Wednesday, September 28, 2005



The TireTagz were originally made for cramming more ads onto Indy series racing cars. They are attached to the wheels and use high frequency LEDs to show whatever image you want on your wheels. TireTagz have the ability to store up to 32 images and each unit comes with 4 pre-programmed designs. New designs can be downloaded from the Internet:

Is this The Ultimate Way to pimp your car or what?


Qualifications for the $2 million DARPA Grand Challenge starts today

The National Qualification Event for the DARPA Grand Challenge starts today in California Speedway in Fontana. The admission to the speedway is free and open to the public from 7:00 AM to 6:00 PM today (September 28) to October 5. The twenty best teams will participate in the Grand Challenge October 8.

The Grand Challenge was a bit of a disappointment last year as the best participant only managed to travel 7.4 miles out of the scheduled 142. Then again; it is not easy to build an independent, robotic ground vehicle that has to travel up to 175 miles by itself in less than 10 hours. No human interaction is allowed apart from a remote shut down system. The autonomous vehicle must make all decisions by itself in a fraction of a second in order to drive at more than 17 miles on bumpy roads. Red Team had the best entry last year and is favorite of the many teams this year as well. The 1986 HMMWV carries externally mounted carries vision, radar, laser and GPS sensors:

DARPA will award $2 million the quickest vehicle that successfully navigates the course in less than 10 hours on October 8.  The exact route will only be published 2 hours before the race starts. There will be video hight lights from the monitoring points and spectators will be able to view the vehicles and talk to the teams.  Get the latest news from the teams blogs feed and live web casts from the Grand Challenge Site

Thursday, September 22, 2005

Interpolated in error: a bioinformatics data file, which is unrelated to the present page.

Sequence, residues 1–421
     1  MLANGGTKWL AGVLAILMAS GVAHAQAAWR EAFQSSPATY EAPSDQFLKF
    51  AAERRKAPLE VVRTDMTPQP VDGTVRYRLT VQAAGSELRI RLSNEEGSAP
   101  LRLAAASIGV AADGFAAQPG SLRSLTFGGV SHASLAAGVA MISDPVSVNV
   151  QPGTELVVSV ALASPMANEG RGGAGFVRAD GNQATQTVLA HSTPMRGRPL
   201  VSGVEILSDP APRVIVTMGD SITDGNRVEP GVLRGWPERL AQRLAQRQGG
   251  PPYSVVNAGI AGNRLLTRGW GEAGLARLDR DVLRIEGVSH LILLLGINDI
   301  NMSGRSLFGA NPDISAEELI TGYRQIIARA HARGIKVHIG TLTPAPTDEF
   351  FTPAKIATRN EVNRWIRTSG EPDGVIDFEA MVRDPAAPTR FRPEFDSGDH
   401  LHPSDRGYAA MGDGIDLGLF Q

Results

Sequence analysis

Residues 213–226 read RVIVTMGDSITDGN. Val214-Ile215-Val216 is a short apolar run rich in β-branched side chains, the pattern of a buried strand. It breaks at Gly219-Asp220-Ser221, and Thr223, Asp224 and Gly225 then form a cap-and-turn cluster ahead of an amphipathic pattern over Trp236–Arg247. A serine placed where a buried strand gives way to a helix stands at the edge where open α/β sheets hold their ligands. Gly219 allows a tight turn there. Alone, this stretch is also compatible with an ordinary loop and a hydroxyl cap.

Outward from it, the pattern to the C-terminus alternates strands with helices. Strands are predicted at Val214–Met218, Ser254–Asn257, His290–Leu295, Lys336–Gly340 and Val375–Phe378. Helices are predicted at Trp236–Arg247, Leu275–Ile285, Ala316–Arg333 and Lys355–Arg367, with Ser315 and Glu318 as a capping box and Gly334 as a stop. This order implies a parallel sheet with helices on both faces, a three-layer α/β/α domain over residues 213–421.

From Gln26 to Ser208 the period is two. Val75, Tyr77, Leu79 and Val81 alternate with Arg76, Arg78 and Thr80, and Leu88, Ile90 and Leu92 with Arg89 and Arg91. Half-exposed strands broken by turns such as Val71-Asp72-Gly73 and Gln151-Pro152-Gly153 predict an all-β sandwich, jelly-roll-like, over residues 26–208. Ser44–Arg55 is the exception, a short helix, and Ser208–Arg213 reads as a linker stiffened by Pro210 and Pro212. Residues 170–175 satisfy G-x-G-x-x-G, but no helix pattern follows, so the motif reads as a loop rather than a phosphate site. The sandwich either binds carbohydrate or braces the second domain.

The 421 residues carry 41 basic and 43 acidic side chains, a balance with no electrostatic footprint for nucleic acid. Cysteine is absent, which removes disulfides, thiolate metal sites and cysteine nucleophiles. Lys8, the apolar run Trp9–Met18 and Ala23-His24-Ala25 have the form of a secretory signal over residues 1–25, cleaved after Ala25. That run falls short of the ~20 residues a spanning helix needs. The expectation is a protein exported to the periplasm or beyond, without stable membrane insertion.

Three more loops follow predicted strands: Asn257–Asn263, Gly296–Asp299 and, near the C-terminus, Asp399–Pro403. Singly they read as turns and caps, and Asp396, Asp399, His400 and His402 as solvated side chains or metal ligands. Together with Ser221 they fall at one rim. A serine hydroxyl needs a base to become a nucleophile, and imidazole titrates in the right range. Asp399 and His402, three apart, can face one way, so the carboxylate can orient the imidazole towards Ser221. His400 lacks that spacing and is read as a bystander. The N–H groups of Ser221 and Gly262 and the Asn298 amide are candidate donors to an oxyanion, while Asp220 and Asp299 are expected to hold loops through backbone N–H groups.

LaCie 8GB credit card sized USB key

LaCie recently announced a ultra thin 8GB credit-card sized USB 2.0 key

LaCie Carte Orange is only 6 millimeters thick so it easily fits in wallets and small pockets. The plug-and-play hi-speed USB 2.0 device comes with a flexible USB connector that makes it a snap to connect to any computer. The LaCie Carte Orange USB keys are already available at at the online LaCie Store; the 4GB version costs $99 and the 8GB costs $149:

Sunday, September 18, 2005


European Maker Faire - October 19th

The European Maker Faire should be great fun for technology lovers. Make magazine organizes the free 2 hour event in conjunction with O'Reilly's EuroOSCON  Open Source Convention on Wednesday 19th of October in Amsterdam.

Skilled makers can submit details about their projects and themselves to euromakers:

What really makes a Maker Faire work is the grassroots participation
from Makers such as you. If you have an interesting MAKE-like
project that you are bursting to share with your fellow Makers, we
are actively seeking Makers who would like to exhibit at the Faire.
Each exhibiting Maker will be provided with a table, power, Internet
connection, and a simple poster board describing their project.

See you there?

Friday, September 9, 2005


No more blind spots with new Nissans

Wouldn't it be great if you could see the car from above when you park in a particularly tight spot? Nissan is working on a system that gives you a bird's-eye view of your car: